Upon reading the final report of the House of Commons Justice Select Committee’s inquiry into Transforming Rehabilitation (TR), published today, one could be forgiven for thinking you’d read some of it before—and not that long ago either. The report makes for concerning, albeit increasingly familiar reading in relation to the wide gaps between the reform’s intentions and how things have played out in reality. The committee’s chair, Bob Neill MP, has been quoted saying that the probation system is “currently a mess” and that the committee are “unconvinced that TR will ever deliver the kind of probation service we need”.
The inquiry chimes with, and draws evidence from, recent reports from the Public Accounts Committee, National Audit Office and various inspection reports produced by HM Inspectorate of Probation, including joint inspectorate reports on through-the-gate services for short-term and long-term prisoners. As many of you will know, we published our third trackTR report on the experiences of the voluntary sector just last month.
The inquiry has lasted eight months and the voluntary sector sent in extensive written submissions, as well as many organisations appearing in front of the committee to give evidence. The report cites voluntary organisations throughout—both our evidence, and the need to involve our sector if we want to improve probation services.
The report makes conclusions and recommendations across a whole range of issues, listed below. I won’t go through all these areas, but recommend you at the very least read the report’s executive summary.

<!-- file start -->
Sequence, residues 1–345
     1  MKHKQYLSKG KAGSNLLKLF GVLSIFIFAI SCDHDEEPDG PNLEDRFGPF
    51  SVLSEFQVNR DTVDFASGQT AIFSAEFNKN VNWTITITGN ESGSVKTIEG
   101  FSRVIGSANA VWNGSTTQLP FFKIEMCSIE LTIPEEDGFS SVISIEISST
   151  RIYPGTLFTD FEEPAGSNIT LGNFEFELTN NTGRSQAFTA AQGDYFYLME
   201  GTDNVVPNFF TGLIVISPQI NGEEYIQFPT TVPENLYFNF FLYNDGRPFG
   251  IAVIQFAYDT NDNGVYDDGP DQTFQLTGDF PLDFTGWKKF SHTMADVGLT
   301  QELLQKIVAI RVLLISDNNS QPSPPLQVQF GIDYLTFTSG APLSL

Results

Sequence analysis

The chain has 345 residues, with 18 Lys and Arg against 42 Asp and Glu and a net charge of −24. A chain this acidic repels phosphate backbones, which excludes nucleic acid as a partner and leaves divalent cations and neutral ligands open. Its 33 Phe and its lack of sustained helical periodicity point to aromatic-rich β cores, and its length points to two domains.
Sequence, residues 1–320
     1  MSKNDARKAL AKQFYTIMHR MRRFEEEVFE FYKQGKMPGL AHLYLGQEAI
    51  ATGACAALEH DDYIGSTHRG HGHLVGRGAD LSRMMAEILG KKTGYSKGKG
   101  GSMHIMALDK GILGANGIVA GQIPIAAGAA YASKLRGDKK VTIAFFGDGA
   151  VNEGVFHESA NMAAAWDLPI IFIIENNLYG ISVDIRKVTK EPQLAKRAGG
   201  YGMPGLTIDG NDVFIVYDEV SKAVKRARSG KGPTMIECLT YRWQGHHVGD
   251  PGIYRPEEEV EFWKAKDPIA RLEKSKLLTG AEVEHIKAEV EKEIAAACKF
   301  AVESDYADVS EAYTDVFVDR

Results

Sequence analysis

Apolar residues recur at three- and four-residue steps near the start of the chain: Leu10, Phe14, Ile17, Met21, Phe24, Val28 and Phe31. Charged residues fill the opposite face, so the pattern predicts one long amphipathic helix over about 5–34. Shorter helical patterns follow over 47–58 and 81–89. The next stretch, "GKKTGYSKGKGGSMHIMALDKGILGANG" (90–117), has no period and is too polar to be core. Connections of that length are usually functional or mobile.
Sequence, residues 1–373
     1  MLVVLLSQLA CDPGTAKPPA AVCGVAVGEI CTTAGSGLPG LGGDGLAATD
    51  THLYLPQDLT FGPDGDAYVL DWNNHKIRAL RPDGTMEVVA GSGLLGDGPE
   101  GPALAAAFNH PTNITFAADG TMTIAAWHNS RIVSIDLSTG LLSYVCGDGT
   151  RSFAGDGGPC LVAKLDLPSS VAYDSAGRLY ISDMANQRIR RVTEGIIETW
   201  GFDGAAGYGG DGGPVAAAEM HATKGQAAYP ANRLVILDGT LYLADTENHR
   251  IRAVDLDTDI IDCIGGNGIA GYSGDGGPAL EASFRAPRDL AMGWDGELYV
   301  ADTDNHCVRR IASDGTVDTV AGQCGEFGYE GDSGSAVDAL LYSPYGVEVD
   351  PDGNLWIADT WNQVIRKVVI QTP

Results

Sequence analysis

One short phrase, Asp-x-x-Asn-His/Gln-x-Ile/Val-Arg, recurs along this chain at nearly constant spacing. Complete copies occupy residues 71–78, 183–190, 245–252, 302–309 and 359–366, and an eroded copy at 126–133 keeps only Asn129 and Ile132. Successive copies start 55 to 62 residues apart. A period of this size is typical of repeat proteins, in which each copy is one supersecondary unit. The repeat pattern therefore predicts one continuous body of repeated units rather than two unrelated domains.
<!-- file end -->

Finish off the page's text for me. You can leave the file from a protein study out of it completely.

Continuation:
- Provider performance
- National Probation Service - Community Rehabilitation Company split
- The voluntary sector
- Short custodial sentences
- Through the gate
- Types of activity and frequency of contact
- Specific needs of offenders
- Long-term future of Transforming rehabilitation
The voluntary sector’s role
We welcome the specific focus on the experience of the voluntary sector. The inquiry found that the promised revolution in market access did not happen, especially for smaller organisations, as our trackTR work has shown.
The report states that “The voluntary sector is less involved in probation than they were before the TR reforms were implemented. This is of deep concern to us given the real benefits that the voluntary sector, especially smaller organisations, can bring to probation.”
The report cites lack of transparency as a particular problem and recommends “that the Ministry of Justice publishes more information on probation supply chains and considers what benefits might be gained from reintroducing targets for voluntary sector involvement. We also recommend that the Government should consider whether involving some of the smaller, more specialised voluntary sector organisations could be incentivised.”
The Committee also criticised the Industry Standard Partnering Agreement (ISPA) as cumbersome, too complex, causing voluntary organisations to seek out costly legal advice before they could deliver services. The committee recommends that “by 1 February 2019, the Ministry of Justice should review the ISPA, with a view to reducing its length and complexity. The Ministry should write to the Committee after that review to set out the changes that it has made.”